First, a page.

O.C. has third highest Asian population in U.S. – Orange County Register

Orange County has the third highest concentration of Asians in the nation, new census figures show.

Only five states and two counties nationwide, Los Angeles and Santa Clara, have more Asian residents – the product of a demographic shift three decades in the making.

And five of the 10 most Vietnamese cities in the state are in Orange County.

“They have family members and friends in this area,” said Linda Vo, associate professor for Asian American studies at UCI. “A lot of them move here for that support network.”

San Jose has more Vietnamese residents than any other California city, just over 100,000. But Orange County has nearly twice as many, 184,000, scattered among its 34 cities and seven census-designated places.

It is, Vo said, the largest Vietnamese enclave in the world outside Vietnam itself.

Little Saigon, with its restaurants, markets and many media outlets, is a magnet that attracts Vietnamese from all over the nation, Vo said.

Even with the passing of the older generation, she doesn’t see the younger generation moving too far away.

“As they are becoming more educated and professional, they are moving to places such as Irvine or Newport Beach in search of better housing and schools,” Vo said.

Yet there are signs in the latest census figures that Asians are dispersing, leaving the urban areas where Vietnamese and Koreans settled a generation ago – and where Chinese and Japanese settled decades earlier – for suburban and even rural homes.

While Orange County’s Asian population grew by 39 percent over the past decade, reaching 538,000, several smaller counties grew much faster in percentage terms.

Placer County, east of Sacramento, nearly tripled its Asian population, attracting Filipinos, Indians and Chinese. Riverside County doubled its Indian, Korean and Vietnamese populations and nearly tripled its Chinese population.

Dan Ichinose, demographic research director with the Asian Pacific American Legal Center in Los Angeles, said his group has been watching as Asians spread out.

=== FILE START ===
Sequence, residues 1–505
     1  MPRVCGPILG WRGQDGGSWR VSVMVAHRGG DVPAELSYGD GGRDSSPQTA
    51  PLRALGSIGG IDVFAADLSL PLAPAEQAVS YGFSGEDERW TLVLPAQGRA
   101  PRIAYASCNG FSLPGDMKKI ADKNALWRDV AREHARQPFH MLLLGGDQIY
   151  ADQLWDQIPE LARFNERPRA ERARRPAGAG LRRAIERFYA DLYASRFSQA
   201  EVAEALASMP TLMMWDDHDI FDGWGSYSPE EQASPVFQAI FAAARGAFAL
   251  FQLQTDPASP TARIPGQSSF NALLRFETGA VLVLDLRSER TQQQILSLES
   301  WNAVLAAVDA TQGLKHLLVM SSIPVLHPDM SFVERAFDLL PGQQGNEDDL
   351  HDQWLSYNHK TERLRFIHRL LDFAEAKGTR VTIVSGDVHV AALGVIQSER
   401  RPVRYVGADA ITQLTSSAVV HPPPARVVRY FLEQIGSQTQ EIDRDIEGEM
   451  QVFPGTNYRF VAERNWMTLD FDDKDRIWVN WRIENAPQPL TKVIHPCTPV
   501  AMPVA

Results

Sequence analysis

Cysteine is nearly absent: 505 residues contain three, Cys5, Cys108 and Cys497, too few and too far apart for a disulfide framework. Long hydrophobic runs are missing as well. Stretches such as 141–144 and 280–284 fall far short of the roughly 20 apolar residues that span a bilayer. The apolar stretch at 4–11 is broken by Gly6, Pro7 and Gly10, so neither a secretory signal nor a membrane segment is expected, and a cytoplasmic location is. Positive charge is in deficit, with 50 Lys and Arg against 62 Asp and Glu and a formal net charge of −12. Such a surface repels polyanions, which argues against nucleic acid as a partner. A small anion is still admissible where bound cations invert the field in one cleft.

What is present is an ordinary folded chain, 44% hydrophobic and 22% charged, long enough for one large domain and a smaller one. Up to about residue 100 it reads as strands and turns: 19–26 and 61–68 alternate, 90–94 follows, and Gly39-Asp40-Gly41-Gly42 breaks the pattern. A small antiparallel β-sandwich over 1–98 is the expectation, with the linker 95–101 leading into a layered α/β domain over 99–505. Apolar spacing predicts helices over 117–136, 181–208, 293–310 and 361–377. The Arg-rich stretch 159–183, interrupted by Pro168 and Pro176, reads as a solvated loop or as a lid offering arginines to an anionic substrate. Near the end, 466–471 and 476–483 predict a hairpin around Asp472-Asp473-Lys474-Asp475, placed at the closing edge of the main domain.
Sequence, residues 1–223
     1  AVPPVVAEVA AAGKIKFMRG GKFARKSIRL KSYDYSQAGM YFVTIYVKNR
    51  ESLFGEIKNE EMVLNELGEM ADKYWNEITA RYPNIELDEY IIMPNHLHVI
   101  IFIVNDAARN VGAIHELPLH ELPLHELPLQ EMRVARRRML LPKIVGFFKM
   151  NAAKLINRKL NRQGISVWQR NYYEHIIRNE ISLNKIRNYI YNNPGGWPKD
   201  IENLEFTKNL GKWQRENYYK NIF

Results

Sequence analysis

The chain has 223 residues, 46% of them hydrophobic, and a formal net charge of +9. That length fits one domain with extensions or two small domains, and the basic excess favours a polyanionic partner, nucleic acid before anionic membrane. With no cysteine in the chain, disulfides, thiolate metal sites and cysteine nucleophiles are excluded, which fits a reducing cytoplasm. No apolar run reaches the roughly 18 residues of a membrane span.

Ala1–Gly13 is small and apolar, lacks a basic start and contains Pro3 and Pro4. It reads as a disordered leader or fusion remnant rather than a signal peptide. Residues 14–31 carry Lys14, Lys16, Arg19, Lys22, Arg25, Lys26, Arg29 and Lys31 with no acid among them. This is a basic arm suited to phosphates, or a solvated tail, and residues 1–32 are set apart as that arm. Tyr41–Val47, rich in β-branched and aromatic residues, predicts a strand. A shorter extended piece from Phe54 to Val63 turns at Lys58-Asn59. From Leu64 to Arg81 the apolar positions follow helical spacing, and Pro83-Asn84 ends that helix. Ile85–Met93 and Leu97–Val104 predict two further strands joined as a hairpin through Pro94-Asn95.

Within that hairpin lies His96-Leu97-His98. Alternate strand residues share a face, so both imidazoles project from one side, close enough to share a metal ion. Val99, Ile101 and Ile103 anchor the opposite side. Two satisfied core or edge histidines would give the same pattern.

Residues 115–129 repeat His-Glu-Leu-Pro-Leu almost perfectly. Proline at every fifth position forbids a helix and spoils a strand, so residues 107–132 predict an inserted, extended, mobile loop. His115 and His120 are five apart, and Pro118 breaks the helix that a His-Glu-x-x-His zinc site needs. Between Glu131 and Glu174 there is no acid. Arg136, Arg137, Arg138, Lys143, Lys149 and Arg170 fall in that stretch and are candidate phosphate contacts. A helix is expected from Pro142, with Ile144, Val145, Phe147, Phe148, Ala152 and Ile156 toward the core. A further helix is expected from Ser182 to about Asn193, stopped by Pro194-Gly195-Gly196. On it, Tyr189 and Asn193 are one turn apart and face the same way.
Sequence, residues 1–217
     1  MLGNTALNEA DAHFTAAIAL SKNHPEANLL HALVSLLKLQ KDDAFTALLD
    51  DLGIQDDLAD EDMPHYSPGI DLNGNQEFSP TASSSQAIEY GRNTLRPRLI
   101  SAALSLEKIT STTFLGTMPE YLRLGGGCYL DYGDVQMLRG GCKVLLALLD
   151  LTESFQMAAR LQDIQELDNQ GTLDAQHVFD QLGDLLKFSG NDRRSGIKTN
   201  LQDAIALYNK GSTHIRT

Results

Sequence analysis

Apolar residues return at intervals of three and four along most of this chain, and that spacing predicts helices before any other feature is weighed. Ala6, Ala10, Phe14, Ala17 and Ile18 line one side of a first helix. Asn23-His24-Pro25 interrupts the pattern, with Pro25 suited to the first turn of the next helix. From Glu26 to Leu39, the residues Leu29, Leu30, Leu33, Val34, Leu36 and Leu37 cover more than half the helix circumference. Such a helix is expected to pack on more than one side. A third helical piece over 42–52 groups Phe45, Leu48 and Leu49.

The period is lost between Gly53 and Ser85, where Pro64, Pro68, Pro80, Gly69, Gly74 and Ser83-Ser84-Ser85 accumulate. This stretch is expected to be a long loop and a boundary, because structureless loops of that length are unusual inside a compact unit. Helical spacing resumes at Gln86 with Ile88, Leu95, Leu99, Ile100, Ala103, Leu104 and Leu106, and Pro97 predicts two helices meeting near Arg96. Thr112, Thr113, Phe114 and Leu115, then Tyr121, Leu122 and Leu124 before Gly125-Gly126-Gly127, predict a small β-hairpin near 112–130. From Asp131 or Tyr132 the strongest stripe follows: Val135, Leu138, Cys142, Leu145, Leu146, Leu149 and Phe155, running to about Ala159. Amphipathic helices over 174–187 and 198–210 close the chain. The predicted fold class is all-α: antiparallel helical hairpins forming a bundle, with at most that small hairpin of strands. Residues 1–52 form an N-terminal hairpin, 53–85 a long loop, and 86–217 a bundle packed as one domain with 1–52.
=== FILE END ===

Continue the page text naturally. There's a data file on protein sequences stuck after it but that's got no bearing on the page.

“Traditionally, we think only of large cities such as San Francisco and Los Angeles,” he said. “But now we’re realizing that the Asian population is a lot more spread out.”

For his group, the big challenge is to figure out how to allocate resources as Asian and Pacific Islander communities continue to grow. Ichinose says although these communities are seeing an increase in native-born members, there is no significant decrease in immigrants from Asian countries.

“That means language assistance is always going to be an important issue,” he said. “We need to provide that to voters, people who are trying to access health services, in our courts and police stations.”

As Asian residents begin to spread away from traditional centers such as Orange County, there are counter-pressures to stay.

“The only other location where we are seeing a spurt in Vietnamese population is Houston, Texas,” Vo said. “Although the job market may not be great, a lot of people are moving there because of housing prices.”

Frances Nguyen, a Westminster resident, business owner and first Vietnamese-American president of the Westminster Chamber of Commerce, said people think twice about leaving home. It’s not easy to return, she said.

Contact the writer: 714-796-5030 or rcampbell@ocregister.com

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